Montana caregivers push for wage hike for those who help disabled
HELENA — Caregivers and advocates pressed Monday for raises for 3,000 people who care for about 5,800 developmentally disabled people across Montana, while Republican lawmakers who previously rejected a similar proposal appeared ready to support this one.
The caregivers provide services for people with disabilities in their homes and in group homes by feeding them, cleaning for them, driving them to appointments and taking care of other things that they can’t do themselves. Caregivers earn an average starting salary of $10.14 an hour.
Those who testified before the House Appropriations Committee said the low wages have caused high turnover, which creates problems for the disabled who receive services from a different person every few months. Many of those who stick with their jobs qualify for public assistance because of the low pay.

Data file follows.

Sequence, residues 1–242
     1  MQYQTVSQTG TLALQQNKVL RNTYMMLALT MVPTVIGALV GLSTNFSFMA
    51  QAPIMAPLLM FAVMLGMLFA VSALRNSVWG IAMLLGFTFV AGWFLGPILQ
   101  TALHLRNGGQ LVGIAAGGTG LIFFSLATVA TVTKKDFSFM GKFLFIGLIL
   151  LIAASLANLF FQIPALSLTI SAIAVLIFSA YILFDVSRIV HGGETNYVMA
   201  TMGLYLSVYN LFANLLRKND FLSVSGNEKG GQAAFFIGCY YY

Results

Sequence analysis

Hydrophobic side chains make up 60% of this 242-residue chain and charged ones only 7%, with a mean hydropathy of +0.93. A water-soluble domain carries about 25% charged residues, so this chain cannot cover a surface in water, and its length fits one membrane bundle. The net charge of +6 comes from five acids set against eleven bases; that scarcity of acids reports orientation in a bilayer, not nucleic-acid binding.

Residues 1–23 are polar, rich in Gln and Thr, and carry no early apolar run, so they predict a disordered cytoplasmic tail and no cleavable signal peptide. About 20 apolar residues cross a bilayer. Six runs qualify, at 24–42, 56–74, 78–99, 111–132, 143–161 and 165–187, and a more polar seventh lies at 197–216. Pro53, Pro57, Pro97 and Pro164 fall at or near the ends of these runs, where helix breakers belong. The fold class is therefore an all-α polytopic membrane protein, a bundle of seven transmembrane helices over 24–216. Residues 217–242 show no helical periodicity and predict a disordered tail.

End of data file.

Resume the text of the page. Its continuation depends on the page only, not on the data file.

Justin Harvey, a caregiver for Quality Life Concepts in Great Falls, said he has taken care of the disabled, people with traumatic brain injuries and dementia, and Alzheimer’s patients for seven years. He has a medical certification, but he earns about $3 an hour less than a person working in the deli at a grocery store chain.